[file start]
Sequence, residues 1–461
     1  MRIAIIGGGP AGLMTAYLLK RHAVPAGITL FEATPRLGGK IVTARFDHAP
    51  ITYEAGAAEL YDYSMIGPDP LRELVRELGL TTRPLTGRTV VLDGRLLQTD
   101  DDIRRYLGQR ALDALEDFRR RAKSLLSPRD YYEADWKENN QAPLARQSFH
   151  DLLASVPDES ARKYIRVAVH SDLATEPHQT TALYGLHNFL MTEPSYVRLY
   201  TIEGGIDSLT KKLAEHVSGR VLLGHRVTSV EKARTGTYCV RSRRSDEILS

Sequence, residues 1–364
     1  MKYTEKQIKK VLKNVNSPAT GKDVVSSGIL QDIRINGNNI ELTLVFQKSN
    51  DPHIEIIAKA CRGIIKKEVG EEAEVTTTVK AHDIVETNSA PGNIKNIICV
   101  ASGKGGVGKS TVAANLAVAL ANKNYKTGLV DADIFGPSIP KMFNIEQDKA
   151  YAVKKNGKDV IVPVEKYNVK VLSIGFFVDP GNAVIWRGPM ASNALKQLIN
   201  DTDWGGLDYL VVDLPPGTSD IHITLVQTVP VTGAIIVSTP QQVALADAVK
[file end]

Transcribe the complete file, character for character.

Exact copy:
Sequence, residues 1–461
     1  MRIAIIGGGP AGLMTAYLLK RHAVPAGITL FEATPRLGGK IVTARFDHAP
    51  ITYEAGAAEL YDYSMIGPDP LRELVRELGL TTRPLTGRTV VLDGRLLQTD
   101  DDIRRYLGQR ALDALEDFRR RAKSLLSPRD YYEADWKENN QAPLARQSFH
   151  DLLASVPDES ARKYIRVAVH SDLATEPHQT TALYGLHNFL MTEPSYVRLY
   201  TIEGGIDSLT KKLAEHVSGR VLLGHRVTSV EKARTGTYCV RSRRSDEILS

Sequence, residues 1–364
     1  MKYTEKQIKK VLKNVNSPAT GKDVVSSGIL QDIRINGNNI ELTLVFQKSN
    51  DPHIEIIAKA CRGIIKKEVG EEAEVTTTVK AHDIVETNSA PGNIKNIICV
   101  ASGKGGVGKS TVAANLAVAL ANKNYKTGLV DADIFGPSIP KMFNIEQDKA
   151  YAVKKNGKDV IVPVEKYNVK VLSIGFFVDP GNAVIWRGPM ASNALKQLIN
   201  DTDWGGLDYL VVDLPPGTSD IHITLVQTVP VTGAIIVSTP QQVALADAVK